Positive economic data from US tempered by mounting concerns over eurozone debt-crisis
Oil fell to around $88 a barrel on Thursday as a slew of positive economic data from the US was tempered by mounting concerns over the debt-crisis in the eurozone.
Investors traded cautiously a day after Spain was warned by Moody's that it faced a downgrade to its credit rating and as European leaders were due to begin a two-day meeting in Brussels to try and agree the next steps in tackling the crisis.
"Any positive data that comes out of the US is sidetracked by negative data coming out of the Euro zone," said David Taylor, an analyst at CMC Markets in Sydney.
Ratings agency Moody's said it did not expect Madrid would have to follow Greece and Ireland and accept a bailout from the European Union bailout, but said that it was a scenario that could not be ruled out.
US crude for January fell 44 cents to $88.18 a barrel by 0943 GMT. ICE Brent, which expires on Thursday, dropped 30 cents to $91.90.
Oil prices rose almost $1 on Wednesday following an unexpectedly large drawdown in U.S. inventory stocks, the biggest in eight years, and data showing higher industrial output and low inflation in the world's largest oil consuming nation.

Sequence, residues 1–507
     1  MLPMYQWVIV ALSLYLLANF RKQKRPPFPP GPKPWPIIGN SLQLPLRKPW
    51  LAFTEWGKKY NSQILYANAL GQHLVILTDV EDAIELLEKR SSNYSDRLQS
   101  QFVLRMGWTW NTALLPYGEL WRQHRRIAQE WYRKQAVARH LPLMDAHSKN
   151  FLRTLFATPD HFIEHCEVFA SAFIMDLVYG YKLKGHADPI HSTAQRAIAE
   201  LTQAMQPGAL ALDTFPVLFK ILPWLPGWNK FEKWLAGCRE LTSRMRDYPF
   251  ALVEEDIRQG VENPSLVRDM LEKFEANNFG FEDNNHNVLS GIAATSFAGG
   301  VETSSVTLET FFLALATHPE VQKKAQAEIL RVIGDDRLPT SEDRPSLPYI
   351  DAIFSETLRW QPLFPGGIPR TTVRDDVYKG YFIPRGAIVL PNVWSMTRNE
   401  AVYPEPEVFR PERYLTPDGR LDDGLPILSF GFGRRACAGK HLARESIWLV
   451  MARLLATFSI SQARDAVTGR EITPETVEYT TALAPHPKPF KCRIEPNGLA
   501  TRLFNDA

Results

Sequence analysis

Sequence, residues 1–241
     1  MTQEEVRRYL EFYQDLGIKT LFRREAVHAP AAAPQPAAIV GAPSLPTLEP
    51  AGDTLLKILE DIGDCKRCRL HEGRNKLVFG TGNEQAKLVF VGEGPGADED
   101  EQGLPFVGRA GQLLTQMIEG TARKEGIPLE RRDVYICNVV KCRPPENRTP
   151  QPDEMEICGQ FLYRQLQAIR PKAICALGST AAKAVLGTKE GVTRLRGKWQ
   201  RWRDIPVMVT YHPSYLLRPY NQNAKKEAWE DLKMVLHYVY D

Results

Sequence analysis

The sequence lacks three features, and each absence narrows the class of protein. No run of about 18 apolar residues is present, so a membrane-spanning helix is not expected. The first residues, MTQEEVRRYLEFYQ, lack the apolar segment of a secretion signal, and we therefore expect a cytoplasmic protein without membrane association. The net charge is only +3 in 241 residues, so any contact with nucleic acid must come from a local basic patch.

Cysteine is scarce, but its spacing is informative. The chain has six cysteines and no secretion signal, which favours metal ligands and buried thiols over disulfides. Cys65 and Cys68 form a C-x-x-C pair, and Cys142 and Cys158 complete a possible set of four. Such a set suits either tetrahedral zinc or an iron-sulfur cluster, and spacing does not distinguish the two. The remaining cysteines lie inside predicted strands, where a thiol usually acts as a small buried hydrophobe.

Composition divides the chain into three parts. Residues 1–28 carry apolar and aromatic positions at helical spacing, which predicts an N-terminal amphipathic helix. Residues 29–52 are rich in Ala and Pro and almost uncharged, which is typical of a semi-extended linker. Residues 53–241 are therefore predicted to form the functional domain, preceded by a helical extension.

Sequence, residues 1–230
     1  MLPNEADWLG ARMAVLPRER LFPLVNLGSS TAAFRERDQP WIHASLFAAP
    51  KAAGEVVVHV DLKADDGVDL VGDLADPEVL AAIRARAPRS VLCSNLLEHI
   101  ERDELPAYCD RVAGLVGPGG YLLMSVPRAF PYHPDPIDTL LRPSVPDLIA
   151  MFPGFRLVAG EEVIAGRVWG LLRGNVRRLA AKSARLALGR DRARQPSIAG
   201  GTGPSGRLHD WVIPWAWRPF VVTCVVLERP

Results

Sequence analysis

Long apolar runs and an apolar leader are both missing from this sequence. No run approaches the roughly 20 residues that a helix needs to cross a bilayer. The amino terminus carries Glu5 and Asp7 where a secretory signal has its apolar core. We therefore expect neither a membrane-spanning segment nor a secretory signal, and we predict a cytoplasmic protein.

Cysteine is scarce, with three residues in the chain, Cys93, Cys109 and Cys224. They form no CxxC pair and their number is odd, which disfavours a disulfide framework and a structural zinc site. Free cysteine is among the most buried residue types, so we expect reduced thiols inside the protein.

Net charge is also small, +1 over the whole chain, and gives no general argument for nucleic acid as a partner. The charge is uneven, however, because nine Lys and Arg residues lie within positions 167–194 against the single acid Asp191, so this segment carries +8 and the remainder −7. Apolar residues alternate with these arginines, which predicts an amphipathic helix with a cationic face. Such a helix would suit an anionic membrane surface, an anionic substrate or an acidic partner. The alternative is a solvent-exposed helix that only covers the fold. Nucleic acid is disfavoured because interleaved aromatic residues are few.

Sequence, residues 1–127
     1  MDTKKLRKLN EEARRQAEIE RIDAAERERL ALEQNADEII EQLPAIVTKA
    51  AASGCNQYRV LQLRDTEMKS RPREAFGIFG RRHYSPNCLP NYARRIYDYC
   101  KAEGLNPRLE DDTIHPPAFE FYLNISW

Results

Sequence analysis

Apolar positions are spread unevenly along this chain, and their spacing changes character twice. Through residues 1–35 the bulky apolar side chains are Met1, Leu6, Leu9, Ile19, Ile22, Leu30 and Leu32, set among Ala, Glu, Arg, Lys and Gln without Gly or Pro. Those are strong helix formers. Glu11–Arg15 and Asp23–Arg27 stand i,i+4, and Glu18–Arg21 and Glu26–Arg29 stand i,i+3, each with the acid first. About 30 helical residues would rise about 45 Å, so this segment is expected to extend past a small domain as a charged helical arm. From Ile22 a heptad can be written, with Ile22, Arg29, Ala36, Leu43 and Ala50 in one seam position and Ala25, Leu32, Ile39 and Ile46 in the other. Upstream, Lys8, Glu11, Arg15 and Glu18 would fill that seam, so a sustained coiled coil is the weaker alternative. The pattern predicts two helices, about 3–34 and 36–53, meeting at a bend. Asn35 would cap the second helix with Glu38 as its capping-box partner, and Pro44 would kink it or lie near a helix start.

"The net position is pretty much neutral at the moment, but it seems to be reasonably supported around the $88 per barrel mark," added Taylor.
The eurozone concerns also weighed on the dollar, which traded down 0.2 percent against a basket of currencies.
A weaker dollar can often strengthen dollar-denominated oil prices as it makes fuel cheaper to holders of other currencies.
Weakness in the greenback can also push investment out of foreign exchange markets and into commodities.
US industrial output rebounded in November to post its biggest gain since July, another sign of a faster pace of recovery in the fourth quarter, Federal Reserve data showed.
Government data also showed that inflation was low, with consumer prices posting a mild gain.